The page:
When I was in fifth grade, I knew everything there was to know about Greek mythology. I mean, everything. See, I was one of those kids who were ushered off to G.A.T.E. classes once a week (trust me, I wasn’t that smart) to have enrichment classes. And one of those classes was all about Greek mythology. By the end of that ten-week class, I could recite every Greek god and goddess there was. I knew all the stories by heart. I wanted to be Aprhodite…and dressed up as her at the end-of-the-quarter class party.
Fast forward a whole bunch of years. I still love Greek myths and devoured the Percy Jackson series and all of the Ursu Andrews books. And, when I started writing Set In Stone, I knew very early on that there would be magic in it. Maybe even mythology.
The logical choice would have been to choose Greek mythology, right? Like, have my main character find a magic olive tree or something. Which, of course, would absolutely relate in some way to Greek mythology. Easy peasy.
But that’s not how writing works. At least, not for me. When Valerie, my main character, finds a strange and mystical stone that turns her world upside-down, a very bossy supporting character decides it is Celtic in origin. Valerie begins a quest to find out what the stone is…and why these two beautiful, mysterious boys who appear in her life want it.
Awesome. Celtic mythology. Something I knew nothing about.
So, how did I research? Did I check out books from the library? Did I travel to Ireland to do research on location (I wish!)? Did I track down my long-lost Irish relatives so I could pepper them with questions?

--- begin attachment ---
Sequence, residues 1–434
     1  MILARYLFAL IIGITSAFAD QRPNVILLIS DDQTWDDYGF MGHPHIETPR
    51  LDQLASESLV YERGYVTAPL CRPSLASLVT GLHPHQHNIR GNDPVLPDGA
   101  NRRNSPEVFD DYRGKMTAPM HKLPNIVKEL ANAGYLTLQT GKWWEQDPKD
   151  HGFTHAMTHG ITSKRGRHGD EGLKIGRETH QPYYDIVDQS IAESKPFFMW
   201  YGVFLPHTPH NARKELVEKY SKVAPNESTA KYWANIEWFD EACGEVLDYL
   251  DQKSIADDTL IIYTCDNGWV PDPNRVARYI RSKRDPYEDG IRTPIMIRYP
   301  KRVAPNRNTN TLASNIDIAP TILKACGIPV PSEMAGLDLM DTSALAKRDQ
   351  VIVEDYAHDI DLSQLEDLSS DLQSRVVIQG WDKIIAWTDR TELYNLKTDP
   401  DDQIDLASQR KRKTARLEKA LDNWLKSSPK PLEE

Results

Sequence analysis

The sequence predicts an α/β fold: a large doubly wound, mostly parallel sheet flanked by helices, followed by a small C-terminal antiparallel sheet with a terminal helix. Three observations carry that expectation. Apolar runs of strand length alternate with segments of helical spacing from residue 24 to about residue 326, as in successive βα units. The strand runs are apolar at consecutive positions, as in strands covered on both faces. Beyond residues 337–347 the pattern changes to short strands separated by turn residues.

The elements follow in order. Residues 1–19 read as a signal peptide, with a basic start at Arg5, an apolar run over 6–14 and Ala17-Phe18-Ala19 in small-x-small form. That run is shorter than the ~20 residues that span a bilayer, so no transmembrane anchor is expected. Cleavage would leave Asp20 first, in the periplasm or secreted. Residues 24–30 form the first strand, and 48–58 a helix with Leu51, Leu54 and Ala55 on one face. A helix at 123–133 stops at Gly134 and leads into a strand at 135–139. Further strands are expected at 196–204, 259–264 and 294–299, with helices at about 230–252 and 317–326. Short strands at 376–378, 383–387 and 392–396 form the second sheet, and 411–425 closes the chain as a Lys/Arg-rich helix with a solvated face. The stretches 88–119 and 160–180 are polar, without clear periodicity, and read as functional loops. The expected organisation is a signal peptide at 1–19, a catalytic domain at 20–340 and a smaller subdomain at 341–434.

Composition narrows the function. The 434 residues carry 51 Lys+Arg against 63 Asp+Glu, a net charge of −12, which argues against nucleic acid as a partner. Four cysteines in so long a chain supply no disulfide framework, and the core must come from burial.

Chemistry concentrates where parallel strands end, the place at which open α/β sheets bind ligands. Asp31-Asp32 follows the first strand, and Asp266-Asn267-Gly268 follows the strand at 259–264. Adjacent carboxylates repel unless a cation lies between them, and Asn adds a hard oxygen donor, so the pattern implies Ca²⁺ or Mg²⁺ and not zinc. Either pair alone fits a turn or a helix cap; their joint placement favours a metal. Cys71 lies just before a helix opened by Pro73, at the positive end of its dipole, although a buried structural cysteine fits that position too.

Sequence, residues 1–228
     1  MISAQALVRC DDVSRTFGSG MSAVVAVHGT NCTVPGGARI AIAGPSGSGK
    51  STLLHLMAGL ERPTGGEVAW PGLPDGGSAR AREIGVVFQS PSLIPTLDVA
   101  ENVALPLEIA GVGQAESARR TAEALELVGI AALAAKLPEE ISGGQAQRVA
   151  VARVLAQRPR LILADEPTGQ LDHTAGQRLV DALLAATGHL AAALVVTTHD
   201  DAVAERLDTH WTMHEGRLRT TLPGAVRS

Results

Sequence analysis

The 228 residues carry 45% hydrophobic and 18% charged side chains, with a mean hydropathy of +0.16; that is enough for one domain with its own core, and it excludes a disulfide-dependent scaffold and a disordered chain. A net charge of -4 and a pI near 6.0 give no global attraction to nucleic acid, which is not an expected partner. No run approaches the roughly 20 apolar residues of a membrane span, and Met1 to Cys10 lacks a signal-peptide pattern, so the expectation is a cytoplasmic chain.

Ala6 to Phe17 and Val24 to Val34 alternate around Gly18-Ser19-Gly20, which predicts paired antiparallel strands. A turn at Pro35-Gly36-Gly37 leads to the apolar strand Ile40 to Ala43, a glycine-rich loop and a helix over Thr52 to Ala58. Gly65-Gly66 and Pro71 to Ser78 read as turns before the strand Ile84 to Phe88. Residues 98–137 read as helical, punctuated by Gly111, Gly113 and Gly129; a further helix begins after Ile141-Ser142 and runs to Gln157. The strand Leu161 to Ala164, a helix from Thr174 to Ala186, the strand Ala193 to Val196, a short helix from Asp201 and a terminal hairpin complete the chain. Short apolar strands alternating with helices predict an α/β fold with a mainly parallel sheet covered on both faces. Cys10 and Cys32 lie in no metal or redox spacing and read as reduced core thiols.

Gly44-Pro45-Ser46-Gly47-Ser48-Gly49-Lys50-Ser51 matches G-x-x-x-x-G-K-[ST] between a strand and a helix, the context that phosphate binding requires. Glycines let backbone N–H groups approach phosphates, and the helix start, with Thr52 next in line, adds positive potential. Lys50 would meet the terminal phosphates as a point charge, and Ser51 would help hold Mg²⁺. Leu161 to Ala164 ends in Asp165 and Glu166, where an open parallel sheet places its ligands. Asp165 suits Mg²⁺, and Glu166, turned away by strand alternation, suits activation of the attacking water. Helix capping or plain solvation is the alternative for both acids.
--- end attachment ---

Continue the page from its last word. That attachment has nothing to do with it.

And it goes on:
I did what every self-respecting author does. I googled it. (Or yahooed it. Or binged it. Pick your poison.) I found a ton of information about Celtic mythology. And, from those pages and pages of web sites, I started piecing together what the stone could be. And who the boys were who wanted it.
I couldn’t use everything I found. I also very quickly realized I could never memorize all of the Celtic gods and goddesses, either (there are tons of them! And they go by different names!). But I did eventually find the answers I was looking for. And I could pass on that info to Valerie as she does her searching.
There is one scene in the book – a very pivotal scene where Valerie finds out who Noel is – where she is sitting in front of her computer and she clicks on a page and an image pops up. An image that very nearly stops her heart.
That happened to me. While I was researching. Like Valerie, I stared at the picture that appeared on the screen and immediately had to get up and walk away. Like, set down the laptop and close my eyes and try to catch my breath.
Want to know more? Go read the book. You might learn a little about Celtic mythology along the way. And hopefully, there won’t be too many heart-stopping moments like Valerie and I had as we researched.
Oh. And please don’t quiz me on Greek mythology. My head is now full of Celtic lore. 🙂
Fifteen year-old Valerie is used to losing things–she lost her dad to his job ages ago and her best friend moved with no warning…and hasn’t been heard from since. During a weekend camping trip with her emotionally distant parents, she stumbles upon a hidden, mysterious stone and she finds herself desperate to keep it, to possess it. Two strange and beautiful boys have other plans, however. They follow her home–Leo, warm and seductive, who covets the stone and will stop at nothing to get it; and Noel, dark-haired and wise, who pledges to protect her and keep her safe.
As she delves deeper into the magic of the stone and the Celtic lore that surrounds it, Valerie realizes that she’s losing. Again. But this loss might involve more than a magical stone – this time, she just might lose her heart.
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